Comparing the Philosophies of Brave New World and Anthem Essay

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The Philosophies Brave New World and Anthem

The books Brave New World by Aldus Huxley and Anthem by Ayn Rand are both valuable twentieth-century contributions to literature. Both books explore the presence of natural law in man and propose a warning for what could happen when man's sense of right and wrong is taken from him. In this essay, I hope to show how these seemingly unrelated novels both expound upon a single, very profound, idea.

Before launching into the implications of these two novels, I believe a summary of the general human experience in each of the two societies is necessary. Brave New World illustrates a society in which science has been elevated to a god-like position. In this novel, human
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Soma is the drug of choice and is readily available. Solidarity services are required for each citizen to help keep conditioning in tact. With all the scientific preservation of the body, it reaches sixty in near perfect condition, but then rapidly deteriorates.

In contrast, Anthem is a society that has almost completely rejected science. It too is set in a futuristic time, but one that has regressed significantly. Believing science was evil, the controllers banished it and when the novel begins the candle is still a new invention. In this nation, breeding takes place once a year and children conceived are raised in group homes with codes instead of names. Students enter school and are discouraged from learning too much or being too inquisitive. Citizens in Anthem are forbidden to speak personal pronouns and to do so is a crime punishable by death. At fifteen, all students are assigned randomly to a job where they will work until they turn forty. At forty years old, the controllers send them to live in the Home of the Useless. After a full day of work, citizens all attend a social council meeting and then social recreation. Citizens are forbidden to be alone and communication with the opposite sex is strictly forbidden. Citizens have no drug to numb themselves, though they do not revolt or even express dissatisfaction, their despair is evident in the hopeless lives they lead.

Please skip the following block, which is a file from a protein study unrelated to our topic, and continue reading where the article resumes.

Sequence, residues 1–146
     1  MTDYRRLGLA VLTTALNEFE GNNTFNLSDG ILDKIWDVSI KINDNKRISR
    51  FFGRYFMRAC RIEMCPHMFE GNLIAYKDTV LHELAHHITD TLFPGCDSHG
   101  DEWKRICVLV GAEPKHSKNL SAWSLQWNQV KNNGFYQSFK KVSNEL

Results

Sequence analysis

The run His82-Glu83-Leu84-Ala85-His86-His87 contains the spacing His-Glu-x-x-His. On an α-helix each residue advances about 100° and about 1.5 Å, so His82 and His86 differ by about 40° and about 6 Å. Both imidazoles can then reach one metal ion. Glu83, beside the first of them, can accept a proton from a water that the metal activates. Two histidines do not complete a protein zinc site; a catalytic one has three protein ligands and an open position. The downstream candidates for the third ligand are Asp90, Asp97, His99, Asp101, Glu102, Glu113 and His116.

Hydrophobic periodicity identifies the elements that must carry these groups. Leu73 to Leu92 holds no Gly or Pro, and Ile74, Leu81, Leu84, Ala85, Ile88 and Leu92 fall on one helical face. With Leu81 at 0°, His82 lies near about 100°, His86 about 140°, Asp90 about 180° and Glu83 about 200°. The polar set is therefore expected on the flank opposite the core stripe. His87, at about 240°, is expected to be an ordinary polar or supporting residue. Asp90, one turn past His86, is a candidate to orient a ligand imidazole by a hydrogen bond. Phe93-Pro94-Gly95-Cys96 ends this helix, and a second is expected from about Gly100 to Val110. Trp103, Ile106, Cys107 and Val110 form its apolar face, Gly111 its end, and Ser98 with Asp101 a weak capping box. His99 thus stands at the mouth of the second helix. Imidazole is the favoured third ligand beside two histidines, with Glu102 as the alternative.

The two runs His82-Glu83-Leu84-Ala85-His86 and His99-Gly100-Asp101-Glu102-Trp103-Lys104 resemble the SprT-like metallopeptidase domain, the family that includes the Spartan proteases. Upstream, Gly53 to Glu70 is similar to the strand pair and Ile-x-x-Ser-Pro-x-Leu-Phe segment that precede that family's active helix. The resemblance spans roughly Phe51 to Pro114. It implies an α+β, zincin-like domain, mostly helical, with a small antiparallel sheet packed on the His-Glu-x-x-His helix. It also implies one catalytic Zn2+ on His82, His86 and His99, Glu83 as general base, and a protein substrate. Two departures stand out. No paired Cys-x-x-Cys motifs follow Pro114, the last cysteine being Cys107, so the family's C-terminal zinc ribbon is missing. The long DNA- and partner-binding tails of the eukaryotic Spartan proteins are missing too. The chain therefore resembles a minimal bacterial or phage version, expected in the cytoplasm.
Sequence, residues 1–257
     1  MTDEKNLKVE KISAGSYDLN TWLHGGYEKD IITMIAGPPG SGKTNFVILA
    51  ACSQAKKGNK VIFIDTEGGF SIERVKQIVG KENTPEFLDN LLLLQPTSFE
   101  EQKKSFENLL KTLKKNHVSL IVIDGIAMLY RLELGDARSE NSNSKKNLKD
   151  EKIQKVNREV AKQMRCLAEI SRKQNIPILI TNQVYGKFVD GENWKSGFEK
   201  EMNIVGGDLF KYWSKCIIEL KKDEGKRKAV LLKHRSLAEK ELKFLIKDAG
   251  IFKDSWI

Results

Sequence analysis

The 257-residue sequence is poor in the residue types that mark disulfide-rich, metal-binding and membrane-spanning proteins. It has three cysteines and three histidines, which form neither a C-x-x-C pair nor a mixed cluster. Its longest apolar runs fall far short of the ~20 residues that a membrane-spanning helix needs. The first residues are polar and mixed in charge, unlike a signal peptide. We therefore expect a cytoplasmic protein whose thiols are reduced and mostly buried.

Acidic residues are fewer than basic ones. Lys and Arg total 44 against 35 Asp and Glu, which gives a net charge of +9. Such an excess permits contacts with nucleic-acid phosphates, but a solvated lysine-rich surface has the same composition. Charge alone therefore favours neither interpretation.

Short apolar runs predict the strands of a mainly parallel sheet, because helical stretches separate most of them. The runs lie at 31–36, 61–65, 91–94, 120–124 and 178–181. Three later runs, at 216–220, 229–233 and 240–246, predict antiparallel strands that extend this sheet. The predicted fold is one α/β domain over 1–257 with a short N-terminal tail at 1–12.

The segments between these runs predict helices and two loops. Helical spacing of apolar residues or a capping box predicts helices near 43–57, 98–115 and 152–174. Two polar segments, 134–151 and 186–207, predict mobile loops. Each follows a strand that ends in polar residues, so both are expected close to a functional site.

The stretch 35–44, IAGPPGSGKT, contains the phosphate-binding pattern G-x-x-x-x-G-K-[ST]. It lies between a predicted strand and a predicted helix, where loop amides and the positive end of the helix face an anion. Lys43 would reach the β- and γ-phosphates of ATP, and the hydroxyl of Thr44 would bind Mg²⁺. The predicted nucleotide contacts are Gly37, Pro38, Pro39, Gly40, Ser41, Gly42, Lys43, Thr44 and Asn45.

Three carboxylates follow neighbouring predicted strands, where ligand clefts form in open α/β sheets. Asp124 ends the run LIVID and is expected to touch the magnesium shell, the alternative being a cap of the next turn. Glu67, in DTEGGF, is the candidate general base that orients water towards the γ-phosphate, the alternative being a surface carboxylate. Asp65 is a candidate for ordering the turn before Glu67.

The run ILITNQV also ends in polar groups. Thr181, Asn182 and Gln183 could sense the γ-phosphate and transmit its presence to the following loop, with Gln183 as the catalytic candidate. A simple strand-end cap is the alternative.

Although, these books on the surface seem
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